When Eric Garcia first toured his empty apartment, it reminded him of a gallery.
The concrete floors, plain white walls and expansive windows offered exactly the industrial, blank-canvas vibe he was searching for.
So when he first moved in, he did what any photographer would do: He got right to work hanging photos.
A gallery wall behind his TV is full of memories: a sprawling view of Arizona’s Horseshoe Bend, where he experienced what he’s dubbed the best sunset of his life. Photos of nearby New Orleans, one of his favorite places to bring his camera. A vintage accordion-style Polaroid camera, an homage to his Geaux Garcia Photography business.
Garcia has around 30 different coffee mugs in his collection. He loves to hunt for unique ones when he’s traveling, and friends and clients will often send him mugs as gifts.
On left: A rustic table off the kitchen doubles as Eric Garcia’s dining area and a workspace.
On right: A metal cart off the kitchen provides extra storage for Garcia’s cocktail supplies and cookware, including his trusty Le Creuset dutch oven. A wooden ledge is a catchall for cards, photos and small art pieces.
Works by his local artist friends are peppered throughout the room, including a colorful abstract piece by Chad Schoonmaker and a bold orange print by his best friend, Jordan Hefler. Off the kitchen, snapshots of his friends are propped on a ledge.
It’s early March, and Garcia has only lived in this space one month. But he already has it outfitted with furniture and mementos.
He moved to the 875-square-foot one-bedroom in the Commerce Building downtown after deciding to downsize from his Spanish Town three-bedroom.
“This has been very easy to make home,” he says. “I think this has more of an Eric vibe.”
The living area is an ode to all of Garcia’s favorite things: photos from memorable vacations, throws, plants and his caramel-colored leather sofa from Article.
Those Eric vibes? Are all about what feels clean and cozy. He’s crafted a space where he can curl up cross-legged on the crinkly leather couch, digging into a good book or TV show. Chunky knit blankets are stashed in baskets and strewn across the couch, ideal for burying himself under in the cool 68 degrees he maintains on the thermostat.
He has a small collection of plants, which he half-jokingly says he likes to make conversation with. Each one seems carefully chosen for its personality, with nearly human-like qualities. By the window is a skinny, fuzzy fairy-castle cactus. Next to the TV, there’s a charming little Chinese money plant, with cheerful, almost lily-pad-round leaves. A fiddle leaf fig, though, is his plant pride and joy. It towers over his dining table, branches and bright green leaves growing in every direction. He has affectionately named it Theo.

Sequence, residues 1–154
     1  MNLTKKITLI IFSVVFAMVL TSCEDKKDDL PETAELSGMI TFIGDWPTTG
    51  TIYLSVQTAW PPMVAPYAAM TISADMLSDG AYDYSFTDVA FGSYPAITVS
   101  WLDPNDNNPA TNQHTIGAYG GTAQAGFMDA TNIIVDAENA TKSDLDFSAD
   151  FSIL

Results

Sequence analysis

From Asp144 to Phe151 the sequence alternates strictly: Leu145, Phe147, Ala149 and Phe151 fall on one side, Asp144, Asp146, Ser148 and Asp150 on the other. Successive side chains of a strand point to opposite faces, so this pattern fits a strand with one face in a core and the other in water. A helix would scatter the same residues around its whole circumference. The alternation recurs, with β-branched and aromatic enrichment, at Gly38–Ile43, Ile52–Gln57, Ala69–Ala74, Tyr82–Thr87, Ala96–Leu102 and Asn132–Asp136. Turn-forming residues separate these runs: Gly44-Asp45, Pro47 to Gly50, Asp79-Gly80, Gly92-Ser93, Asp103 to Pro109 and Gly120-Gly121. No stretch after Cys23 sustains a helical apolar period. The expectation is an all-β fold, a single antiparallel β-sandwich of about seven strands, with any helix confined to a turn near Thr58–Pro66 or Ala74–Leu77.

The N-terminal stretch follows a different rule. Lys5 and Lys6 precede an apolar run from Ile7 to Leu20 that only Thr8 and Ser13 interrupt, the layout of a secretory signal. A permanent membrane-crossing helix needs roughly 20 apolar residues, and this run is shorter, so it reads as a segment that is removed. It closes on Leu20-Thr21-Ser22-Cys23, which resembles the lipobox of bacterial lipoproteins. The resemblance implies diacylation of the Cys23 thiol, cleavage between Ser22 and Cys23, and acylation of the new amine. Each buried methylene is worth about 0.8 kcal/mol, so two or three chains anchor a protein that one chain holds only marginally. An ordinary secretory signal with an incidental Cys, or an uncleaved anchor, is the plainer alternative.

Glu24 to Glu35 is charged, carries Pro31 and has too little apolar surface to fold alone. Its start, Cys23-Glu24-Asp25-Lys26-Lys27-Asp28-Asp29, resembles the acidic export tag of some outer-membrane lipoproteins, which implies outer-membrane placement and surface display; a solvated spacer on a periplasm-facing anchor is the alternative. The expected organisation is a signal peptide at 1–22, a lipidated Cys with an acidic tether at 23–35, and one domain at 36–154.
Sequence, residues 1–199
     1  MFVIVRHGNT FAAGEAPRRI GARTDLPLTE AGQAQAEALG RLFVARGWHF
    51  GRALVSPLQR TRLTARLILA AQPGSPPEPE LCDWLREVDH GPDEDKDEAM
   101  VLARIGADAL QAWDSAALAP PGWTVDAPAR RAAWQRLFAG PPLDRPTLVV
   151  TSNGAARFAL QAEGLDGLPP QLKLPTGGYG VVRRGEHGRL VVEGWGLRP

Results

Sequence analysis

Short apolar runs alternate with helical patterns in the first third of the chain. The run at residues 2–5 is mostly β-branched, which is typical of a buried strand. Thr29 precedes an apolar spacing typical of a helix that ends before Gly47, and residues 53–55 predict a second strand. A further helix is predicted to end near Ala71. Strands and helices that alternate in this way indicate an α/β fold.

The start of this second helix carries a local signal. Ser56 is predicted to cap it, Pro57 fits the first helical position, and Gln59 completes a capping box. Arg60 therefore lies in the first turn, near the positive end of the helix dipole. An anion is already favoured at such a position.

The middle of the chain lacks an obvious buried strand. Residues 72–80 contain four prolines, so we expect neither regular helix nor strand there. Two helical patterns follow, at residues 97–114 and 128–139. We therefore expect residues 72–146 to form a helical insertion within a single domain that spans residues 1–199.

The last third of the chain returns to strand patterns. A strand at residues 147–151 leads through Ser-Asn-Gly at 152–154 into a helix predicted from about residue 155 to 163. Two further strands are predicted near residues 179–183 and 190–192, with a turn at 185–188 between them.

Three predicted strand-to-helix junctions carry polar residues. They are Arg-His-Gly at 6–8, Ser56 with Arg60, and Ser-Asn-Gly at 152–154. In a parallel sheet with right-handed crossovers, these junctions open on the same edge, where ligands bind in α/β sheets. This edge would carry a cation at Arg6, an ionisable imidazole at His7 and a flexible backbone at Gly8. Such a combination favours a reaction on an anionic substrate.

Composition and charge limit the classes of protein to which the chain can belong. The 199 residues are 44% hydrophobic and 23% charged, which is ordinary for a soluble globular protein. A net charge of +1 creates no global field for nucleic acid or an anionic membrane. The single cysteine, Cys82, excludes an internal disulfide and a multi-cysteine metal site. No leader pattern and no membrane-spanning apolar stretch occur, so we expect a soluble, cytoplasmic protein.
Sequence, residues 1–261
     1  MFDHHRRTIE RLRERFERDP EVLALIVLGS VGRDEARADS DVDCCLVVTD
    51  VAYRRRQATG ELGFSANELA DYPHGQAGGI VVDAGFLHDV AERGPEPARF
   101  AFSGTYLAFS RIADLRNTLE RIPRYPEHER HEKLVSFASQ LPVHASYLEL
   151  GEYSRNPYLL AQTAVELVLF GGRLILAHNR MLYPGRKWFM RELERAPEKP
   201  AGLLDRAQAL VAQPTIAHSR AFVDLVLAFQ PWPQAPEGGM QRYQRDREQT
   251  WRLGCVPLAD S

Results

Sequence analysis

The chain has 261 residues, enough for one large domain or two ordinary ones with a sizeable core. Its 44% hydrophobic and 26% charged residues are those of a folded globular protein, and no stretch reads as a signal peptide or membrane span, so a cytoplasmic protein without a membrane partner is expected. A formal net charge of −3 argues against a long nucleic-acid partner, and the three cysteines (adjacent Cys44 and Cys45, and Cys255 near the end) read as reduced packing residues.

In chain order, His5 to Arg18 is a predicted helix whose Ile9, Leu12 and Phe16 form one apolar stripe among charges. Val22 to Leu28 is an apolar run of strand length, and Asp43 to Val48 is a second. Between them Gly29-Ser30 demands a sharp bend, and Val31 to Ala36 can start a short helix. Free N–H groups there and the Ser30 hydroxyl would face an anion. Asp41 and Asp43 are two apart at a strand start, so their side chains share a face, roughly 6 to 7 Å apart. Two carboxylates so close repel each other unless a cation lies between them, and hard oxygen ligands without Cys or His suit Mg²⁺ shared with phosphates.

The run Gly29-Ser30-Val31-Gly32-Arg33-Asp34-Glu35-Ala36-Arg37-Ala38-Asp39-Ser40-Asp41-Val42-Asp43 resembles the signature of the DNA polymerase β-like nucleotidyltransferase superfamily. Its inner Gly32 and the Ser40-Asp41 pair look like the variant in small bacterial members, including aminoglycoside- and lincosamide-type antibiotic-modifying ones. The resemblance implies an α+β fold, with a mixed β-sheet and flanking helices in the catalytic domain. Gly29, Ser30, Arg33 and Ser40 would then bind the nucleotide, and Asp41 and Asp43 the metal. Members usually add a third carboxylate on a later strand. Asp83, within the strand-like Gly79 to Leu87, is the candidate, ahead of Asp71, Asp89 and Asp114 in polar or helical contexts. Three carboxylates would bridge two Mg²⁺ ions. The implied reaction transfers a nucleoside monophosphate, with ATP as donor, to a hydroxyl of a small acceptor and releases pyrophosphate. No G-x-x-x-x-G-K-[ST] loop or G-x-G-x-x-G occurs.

Garcia describes his style as modern but colorful, pulling a little inspiration from his idol, Joanna Gaines.
His furniture is a down-to-earth mix of quirky finds from shops like The Market at Circa 1857 and Dirt Cheap, trendy budget buys from IKEA and Target, and a couple online investment pieces from brands like Article and West Elm.
And just as quickly as he’s decorated the space, he’s settled into a routine here. He runs his portrait and wedding photography company from home. He pops open his laptop at his dining table each morning to tackle emails and scheduling. While he types, he sips coffee, always with one scoop of sugar and a splash of 2% milk. Gilmore Girls is his go-to background noise, because he likes listening to Lorelai and Rory banter.
He’s bound to have a bouquet from Trader Joe’s or Whole Foods on the table, and the room is usually fragrant, scented either by a candle burning or something delicious baking in the oven.
You can count on him to have lemons in his fridge, ready to throw on his striped apron and try a new recipe for dinner or dessert. This afternoon, he’s just finished a lemon layer cake. It’s perched on a cake stand, icing dripping down its sides.
Following afternoon meetings and photo shoots, he’ll stop by Matherne’s Market or Albertsons to pick up chicken or fish to cook for dinner. He will unwind for the night with a movie or a sunset walk on the Mississippi River levee.
As comfortable and complete as the space seems now, Garcia insists he’s still not done decorating—and maybe never will be.
“But to me,” he says, “that’s the fun part.”
This article was originally published in the 225 Extra: 2019 Spaces & Places issue. Click here to read more articles from this issue.